I attended a town hall meeting last week and manned a table collecting signatures for petitions for both ethics reform and fair redistricting in Utah. A small group of women opposed to both petitions showed up. One woman accosted people signing the petitions urging them not to sign anything they hadn’t read. Of course, nobody should sign documents they haven’t read, but few of the signers heeded her. Those interested in signing were already informed on the issue. When the meeting began, the woman jumped to her feet to denounce the petitions. Now, I’m all for passion, but too much passion expressed inappropriately comes across as hysteria. The speaker finally convinced the woman to sit down and let the meeting move on to other topics. Then a woman approached my table and told me I had no right to be at the meeting with petitions. Her friend tried to write down names of people who had signed. I don’t know what organization these women represented, but they were a prime example of the current polarization of American discourse.
Now these ladies who feared circulating a petition with which they did not agree were more amusing than annoying at that meeting, I might feel differently if I had to encounter them as neighbors, ward members, or work colleagues. I generally don’t care for people who try to change my mind. Does anyone?
My brother badgers me about politics. He’s a right-wing conservative living in a very blue state. I consider myself relatively moderate, but can’t agree with Doogie’s claims about the environment, intelligent design, and other issues. He doesn’t seem to hear anything I say. He twists my words and accuses me of statements I haven’t made. I have finally realized that Doogie really isn’t talking to me. He’s finishing up arguments he’s had with liberal thinkers in his state. He’s saying to me what he wishes he’d said to them.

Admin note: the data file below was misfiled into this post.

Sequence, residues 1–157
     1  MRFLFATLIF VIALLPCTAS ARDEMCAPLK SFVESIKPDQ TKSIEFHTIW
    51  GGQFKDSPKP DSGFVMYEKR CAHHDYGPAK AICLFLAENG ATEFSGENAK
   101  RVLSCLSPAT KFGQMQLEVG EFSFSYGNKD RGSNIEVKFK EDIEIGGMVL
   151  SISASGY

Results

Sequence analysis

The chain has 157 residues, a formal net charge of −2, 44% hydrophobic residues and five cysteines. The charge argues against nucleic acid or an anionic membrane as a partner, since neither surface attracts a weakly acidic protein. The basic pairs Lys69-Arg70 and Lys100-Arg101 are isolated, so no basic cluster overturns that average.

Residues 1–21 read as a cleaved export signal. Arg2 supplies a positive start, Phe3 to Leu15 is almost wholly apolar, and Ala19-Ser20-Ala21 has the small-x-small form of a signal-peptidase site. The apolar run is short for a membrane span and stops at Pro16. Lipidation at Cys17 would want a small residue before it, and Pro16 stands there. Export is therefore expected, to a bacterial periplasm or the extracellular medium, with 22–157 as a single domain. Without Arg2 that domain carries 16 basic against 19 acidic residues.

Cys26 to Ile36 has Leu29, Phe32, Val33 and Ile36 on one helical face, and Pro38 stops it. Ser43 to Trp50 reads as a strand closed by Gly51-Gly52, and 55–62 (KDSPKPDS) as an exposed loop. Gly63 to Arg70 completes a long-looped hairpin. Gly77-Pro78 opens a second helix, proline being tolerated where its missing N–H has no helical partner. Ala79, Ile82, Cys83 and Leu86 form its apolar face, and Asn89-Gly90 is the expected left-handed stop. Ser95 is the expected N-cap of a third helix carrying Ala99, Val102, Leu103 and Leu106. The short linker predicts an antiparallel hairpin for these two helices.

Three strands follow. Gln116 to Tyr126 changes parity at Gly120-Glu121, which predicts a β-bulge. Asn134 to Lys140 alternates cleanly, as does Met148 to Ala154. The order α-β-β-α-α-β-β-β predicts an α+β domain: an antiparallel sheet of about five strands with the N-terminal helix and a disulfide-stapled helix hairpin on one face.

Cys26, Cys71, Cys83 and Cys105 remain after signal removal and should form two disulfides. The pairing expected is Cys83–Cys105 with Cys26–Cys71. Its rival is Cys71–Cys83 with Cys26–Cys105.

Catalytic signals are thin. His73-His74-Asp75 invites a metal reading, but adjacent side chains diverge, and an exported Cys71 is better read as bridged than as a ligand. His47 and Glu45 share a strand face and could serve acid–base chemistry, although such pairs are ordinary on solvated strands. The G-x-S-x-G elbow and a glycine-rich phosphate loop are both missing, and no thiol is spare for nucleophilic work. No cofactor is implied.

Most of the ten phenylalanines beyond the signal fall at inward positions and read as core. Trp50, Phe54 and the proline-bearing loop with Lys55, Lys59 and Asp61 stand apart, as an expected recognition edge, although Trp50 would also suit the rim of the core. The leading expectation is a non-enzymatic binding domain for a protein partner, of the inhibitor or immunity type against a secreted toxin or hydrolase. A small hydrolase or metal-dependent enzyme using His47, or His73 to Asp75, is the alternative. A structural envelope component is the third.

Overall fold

I no longer have the energy for the angst enjoyed by Doogie and the anti-petition ladies. Why argue about something today when tomorrow new information or experience may cause me to evaluate and change my opinion? But I do think it’s important to stand up for people or groups who are unfairly maligned. I couldn’t just let my visiting teacher partner and the sister we were visiting denounce gays and Lesbians as sinners who deliberately choose to break divine commandments. I think I handled that one tactfully, asking if they were aware that scientific research, which President Hinckley acknowledged, indicates that homosexual tendencies are inborn.
Listening to illogical emotion is tough. Aunt Loosy gets all her information from Rush Limbaugh and other talk-radio hosts. Do I let her spout the ridiculous libel she shares because of her age, or do I offer counter information? Most of the time, I make a joke and change the topic from politics—as I’ve learned to do with Doogie. Sometimes relationships are more important than proving I’m right.